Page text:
Today, WikiLeaks has started releasing some 5 million internal e-mails (obtained through Anonymous) of Stratfor, a “subscription-based provider of geopolitical analysis” known for massively selling its services to corporate actors, various branches of (mainly US) government and beyond. According to their website, “Stratfor uses a unique, intelligence-based approach to gathering information via rigorous open-source monitoring and a global network of human sources”.
In its leaked 2007 ‘Glossary of Useful, Baffling and Strange Intelligence Terms’, Stratfor defines ‘Open Source’ as:
USG definition: everything in the world that we haven’t classified secret and above. Real definition: stuff that’s on the internet. Sometimes cheaper than humint. Frequently much more expensive and less reliable.
Assuming that the above source is genuine (although it can hardly be validated externally yet), both definitions are obviously funny given Stratfor’s own ‘approach’, but what is worse, both are plain nonsense.
Regarding the alleged US government definition, information that has been classified above ‘Unclassified’ by an appropriate authority, and that has not been unclassified through a FOIA request etc., cannot reasonably be called ‘open’. Even if it became publicly available for whatever reason (e.g. a leak), it would still not be legally accessible for anyone not having a clearance and the respective need-to-know.
But even if we’d stick to the author’s ‘real’, that is pseudo-realistic definition, it hardly makes more sense. Firstly, most of the information Stratfor compiles into new analytical products stems from open sources. Secondly, and as one example out of many others, one HUMINT source handled as ‘Geronimo’ (now come on!) is paid 1,200 USD a month for information of dubios quality – or for reading his local newspapers on Stratfor’s behalf. As compared to a Stratfor enterprise license for 20,000 USD a year, a subscription of the New York Times comes to 300 USD a year. So without questioning the general value and necessity of human sources (and journalists), I wonder if Geronimo and Stratfor’s other informants are an actual bargain, especially as HUMINT is not opposed to OSINT, but must be considered as an integral element of the OSINT enterprise (and opposed to TECHINT, as we define it). If for Stratfor only the the internet is an open source, then they are either blind or simply ignorant.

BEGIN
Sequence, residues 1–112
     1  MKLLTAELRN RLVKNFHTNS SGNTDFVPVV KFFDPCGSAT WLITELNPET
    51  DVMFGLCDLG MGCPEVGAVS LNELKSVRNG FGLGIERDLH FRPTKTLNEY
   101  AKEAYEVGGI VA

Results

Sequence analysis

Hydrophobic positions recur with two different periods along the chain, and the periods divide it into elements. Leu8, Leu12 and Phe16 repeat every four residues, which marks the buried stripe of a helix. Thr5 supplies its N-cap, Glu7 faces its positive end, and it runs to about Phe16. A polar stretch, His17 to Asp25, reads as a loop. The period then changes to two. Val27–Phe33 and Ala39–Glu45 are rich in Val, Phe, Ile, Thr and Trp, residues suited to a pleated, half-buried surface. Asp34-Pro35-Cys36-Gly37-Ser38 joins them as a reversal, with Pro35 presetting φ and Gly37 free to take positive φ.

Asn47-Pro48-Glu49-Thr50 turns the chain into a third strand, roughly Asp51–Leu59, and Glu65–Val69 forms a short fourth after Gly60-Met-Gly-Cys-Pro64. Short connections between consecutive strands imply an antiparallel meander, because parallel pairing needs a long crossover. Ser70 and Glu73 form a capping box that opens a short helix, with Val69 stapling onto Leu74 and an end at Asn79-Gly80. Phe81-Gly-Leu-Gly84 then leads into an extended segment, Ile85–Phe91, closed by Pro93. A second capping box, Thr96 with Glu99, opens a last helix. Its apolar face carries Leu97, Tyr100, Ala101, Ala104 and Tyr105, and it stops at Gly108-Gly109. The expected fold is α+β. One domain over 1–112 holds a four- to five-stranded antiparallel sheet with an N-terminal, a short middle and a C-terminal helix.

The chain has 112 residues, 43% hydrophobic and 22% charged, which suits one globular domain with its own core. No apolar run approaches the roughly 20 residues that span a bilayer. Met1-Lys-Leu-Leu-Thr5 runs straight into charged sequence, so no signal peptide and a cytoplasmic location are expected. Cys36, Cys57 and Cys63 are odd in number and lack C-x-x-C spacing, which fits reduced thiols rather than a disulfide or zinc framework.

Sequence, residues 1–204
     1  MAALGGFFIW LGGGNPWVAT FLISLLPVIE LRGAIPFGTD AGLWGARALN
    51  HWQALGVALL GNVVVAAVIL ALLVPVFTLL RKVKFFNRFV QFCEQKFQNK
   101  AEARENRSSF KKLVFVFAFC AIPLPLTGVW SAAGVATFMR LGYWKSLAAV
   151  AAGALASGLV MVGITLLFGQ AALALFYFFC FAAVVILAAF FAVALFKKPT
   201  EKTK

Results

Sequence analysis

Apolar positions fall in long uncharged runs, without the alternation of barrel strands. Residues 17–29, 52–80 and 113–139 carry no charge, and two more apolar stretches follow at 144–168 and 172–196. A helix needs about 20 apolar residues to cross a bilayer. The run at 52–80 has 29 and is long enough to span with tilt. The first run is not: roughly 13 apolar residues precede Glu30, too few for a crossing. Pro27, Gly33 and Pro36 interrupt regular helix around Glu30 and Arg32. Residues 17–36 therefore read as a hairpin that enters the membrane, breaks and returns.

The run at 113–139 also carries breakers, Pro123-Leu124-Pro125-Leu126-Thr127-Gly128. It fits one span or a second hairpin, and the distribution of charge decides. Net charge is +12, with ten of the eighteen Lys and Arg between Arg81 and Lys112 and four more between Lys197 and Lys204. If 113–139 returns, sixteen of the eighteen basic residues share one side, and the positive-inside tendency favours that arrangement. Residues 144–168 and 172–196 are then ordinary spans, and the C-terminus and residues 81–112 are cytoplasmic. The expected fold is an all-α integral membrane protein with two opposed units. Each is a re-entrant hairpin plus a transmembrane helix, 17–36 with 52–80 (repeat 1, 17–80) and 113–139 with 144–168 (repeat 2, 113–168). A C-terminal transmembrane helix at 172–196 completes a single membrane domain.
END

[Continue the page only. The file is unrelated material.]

Still, in another document called ‘Security Information and Instructions’ (2009), Stratfor gives advice to new employees in order to uphold the company’s highfalutin self-perception as “the most credible, truthful and definitive global intelligence organization in the world”. It requires staff to “practice stringent security in accordance with industry standards”. In an e-mail from 2004, the company’s CEO, George Friedman, even went so far as to claim: “Everyone in Langley knows that we do things they have never been able to do with a small fraction of their resources.”
And, as you can imagine, he does not tire of sharing his cloak-and-dagger wisdom on open sources in yet another 2009 e-mail: “And that is the weakness of the government vision and why I never use the term open source in relation to us. [...] The government confuses the dissemination of information with the collection of information. We are not at all like the nyt because their reporters always identify themselves as such. We may or may not as it suits us. This is the fundamental difference between journalism and intelligence. The source may never know he was a source, which is the definition of clandestine.” Has Mr. Friedman ever heard of investigative journalism before?
At the end of the day, it seems like the inner workings of Stratfor, such as “get[ting] some of that ‘leak-focused’ gravy train”, have themselves become little more than “stuff that’s on the internet”. That stuff’s worth remains to be seen.